The bill got final congressional approval last Thursday, and Bush said he was eager to sign it. "These commonsense reforms will make the system stronger and better so that more Americans — especially lower-income Americans — have greater access to credit," he said.
Yes, that's our president: always eager to stick it to the American people who just aren't paying attention.

Something else to note: the 10 States with the highest rates of folks declaring bankruptcy? Solidly 'red' ones.

Good luck out there folks because it is increasingly obvious that no one is looking out for you.

4.19.2005

Help Save the Energy Companies of America

Please sir, can't you spare some change help our Poor American Energy Companies?

The House this week will consider $8 billion in tax breaks targeted to the energy industry at a time when some of those companies are enjoying soaring profits from high consumer prices.

The vast majority of the tax breaks would benefit companies that produce and supply traditional forms of energy, with a large portion going to the oil and natural gas sector.
Oh... apparently you can. Lovely.

This paragraph, however, has us really confused:
Dana M. Perino, a White House spokeswoman, would not comment on the House measure but referred to comments made by President Bush last week. "I will tell you with $55 oil we don't need incentives to oil and gas companies to explore," Bush said in a speech to newspaper editors in Washington. "There are plenty of incentives. What we need is to put a strategy in place that will help this country over time become less dependent."
Wha-huh? Clearly this is the Bizarro-Bush White House so... we're still so confused.

We also recommend using iPodder to download Monday's (4/18) To The Point about "Neo-cons, Environmentalists and Plug-in Hybrids"... fascinating.

4.17.2005

Thomas Jefferson On Religion

Why did Thomas Jefferson hate America so?

I may grow rich by an art I am compelled to follow; I may recover health by medicines I am compelled to take against my own judgment; but I cannot be saved by a worship I disbelieve and abhor. (Thomas Jefferson, notes for a speech, c. 1776. From Gorton Carruth and Eugene Ehrlich, eds., The Harper Book of American Quotations, New York: Harper & Row, 1988, p. 498.)

Subject opinion to coercion: whom will you make your inquisitors? Fallible men; men governed by bad passions, by private as well as public reasons. And why subject it to coercion? To produce uniformity. But is uniformity of opinion desirable? No more than of face and stature. (Thomas Jefferson, Notes on Virginia, 1782; from George Seldes, ed., The Great Quotations, Secaucus, New Jersey: Citadel Press, 1983, p. 363)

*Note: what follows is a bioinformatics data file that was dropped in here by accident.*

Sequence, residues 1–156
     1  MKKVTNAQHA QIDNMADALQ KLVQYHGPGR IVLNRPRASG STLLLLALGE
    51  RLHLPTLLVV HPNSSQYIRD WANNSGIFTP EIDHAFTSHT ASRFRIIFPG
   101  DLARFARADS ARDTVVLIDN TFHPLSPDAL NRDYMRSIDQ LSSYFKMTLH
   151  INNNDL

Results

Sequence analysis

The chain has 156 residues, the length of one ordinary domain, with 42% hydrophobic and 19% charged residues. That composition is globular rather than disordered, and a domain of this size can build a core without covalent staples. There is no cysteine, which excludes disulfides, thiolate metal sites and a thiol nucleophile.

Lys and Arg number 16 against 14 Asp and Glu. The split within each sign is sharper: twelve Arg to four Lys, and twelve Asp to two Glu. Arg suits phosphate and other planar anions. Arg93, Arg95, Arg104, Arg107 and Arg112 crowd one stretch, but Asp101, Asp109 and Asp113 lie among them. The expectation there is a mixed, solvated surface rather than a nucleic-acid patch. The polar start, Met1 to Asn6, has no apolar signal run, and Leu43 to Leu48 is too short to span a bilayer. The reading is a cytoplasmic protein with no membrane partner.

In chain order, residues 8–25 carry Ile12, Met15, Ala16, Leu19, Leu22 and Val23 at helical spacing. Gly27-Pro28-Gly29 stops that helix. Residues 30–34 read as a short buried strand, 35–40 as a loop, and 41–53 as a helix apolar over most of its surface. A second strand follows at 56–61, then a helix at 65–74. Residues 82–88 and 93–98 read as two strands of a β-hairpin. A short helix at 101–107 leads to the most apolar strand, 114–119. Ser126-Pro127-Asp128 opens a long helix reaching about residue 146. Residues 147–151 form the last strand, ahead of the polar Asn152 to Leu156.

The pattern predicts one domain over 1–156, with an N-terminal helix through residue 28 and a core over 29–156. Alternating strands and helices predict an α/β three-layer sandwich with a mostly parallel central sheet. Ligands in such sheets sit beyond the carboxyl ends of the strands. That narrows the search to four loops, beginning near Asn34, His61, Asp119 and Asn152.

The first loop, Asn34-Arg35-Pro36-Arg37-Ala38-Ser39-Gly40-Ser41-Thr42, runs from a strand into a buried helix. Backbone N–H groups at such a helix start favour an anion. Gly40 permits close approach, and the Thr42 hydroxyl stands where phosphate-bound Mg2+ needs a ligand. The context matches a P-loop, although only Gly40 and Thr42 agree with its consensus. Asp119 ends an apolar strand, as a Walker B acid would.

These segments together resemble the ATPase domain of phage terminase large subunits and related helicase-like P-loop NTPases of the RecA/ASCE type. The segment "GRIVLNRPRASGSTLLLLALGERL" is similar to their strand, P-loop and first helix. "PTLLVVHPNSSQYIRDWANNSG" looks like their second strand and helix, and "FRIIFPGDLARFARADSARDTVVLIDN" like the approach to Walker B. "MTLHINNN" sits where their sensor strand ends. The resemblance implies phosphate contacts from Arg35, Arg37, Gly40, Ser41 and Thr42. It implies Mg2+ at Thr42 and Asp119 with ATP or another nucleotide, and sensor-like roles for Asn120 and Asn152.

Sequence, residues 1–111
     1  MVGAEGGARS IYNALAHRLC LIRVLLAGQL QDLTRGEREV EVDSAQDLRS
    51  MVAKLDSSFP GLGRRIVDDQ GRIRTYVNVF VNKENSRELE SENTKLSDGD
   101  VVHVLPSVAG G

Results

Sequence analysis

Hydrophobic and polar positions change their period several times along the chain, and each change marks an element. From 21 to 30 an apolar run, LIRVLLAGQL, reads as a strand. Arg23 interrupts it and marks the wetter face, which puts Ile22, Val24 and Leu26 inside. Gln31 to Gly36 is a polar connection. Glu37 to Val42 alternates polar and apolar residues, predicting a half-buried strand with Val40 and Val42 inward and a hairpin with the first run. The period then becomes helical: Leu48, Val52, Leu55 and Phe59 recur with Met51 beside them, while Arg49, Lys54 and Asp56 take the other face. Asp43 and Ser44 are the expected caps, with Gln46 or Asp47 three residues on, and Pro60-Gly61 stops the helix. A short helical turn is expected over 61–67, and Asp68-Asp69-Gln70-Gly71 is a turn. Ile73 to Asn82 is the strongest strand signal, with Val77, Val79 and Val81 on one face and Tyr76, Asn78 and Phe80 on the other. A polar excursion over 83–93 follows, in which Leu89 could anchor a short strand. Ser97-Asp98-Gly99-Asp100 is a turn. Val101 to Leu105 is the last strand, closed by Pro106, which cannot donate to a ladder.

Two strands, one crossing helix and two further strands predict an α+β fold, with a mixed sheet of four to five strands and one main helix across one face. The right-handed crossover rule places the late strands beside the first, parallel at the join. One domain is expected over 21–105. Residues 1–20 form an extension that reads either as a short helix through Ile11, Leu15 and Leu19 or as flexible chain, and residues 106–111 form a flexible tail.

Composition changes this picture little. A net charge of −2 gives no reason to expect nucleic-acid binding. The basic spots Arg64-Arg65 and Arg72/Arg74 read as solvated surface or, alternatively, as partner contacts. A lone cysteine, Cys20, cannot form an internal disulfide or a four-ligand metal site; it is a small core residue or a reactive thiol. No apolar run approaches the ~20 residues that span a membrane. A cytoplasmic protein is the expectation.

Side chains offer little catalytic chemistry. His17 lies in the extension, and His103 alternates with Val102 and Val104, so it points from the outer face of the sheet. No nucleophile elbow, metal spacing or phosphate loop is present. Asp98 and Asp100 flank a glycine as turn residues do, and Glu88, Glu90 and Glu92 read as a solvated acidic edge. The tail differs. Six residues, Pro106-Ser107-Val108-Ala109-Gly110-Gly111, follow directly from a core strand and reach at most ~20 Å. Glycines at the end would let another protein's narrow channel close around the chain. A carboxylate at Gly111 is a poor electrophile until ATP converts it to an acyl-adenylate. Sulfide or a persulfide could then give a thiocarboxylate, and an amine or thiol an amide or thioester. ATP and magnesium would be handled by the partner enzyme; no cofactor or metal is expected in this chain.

Is uniformity attainable? Millions of innocent men, women, and children, since the introduction of Christianity, have been burnt, tortured, fined, imprisoned; yet we have not advanced one inch towards uniformity. What has been the effect of coercion? To make one half the world fools and the other half hypocrites. To support roguery and error all over the earth. (Thomas Jefferson, Notes on Virginia, 1782; from George Seldes, ed., The Great Quotations, Secaucus, New Jersey: Citadel Press, 1983, p. 363.)

No man complains of his neighbor for ill management of his affairs, for an error in sowing his land, or marrying his daughter, for consuming his substance in taverns ... in all these he has liberty; but if he does not frequent the church, or then conform in ceremonies, there is an immediate uproar. (Thomas Jefferson, Notes on Virginia, 1782; from George Seldes, ed., The Great Quotations, Secaucus, New Jersey: Citadel Press, 1983, p. 364.)

"The legitimate powers of government, extend to such acts only as are injurious to others. But it does me no injury for my neighbor to say there are twenty gods, or no God. It neither picks my pocket nor breaks my leg." (Edwin S. Gaustad, Faith of Our Fathers: Religion and the New Nation, San Francisco: Harper & Row, 1987, pp. 42-43. )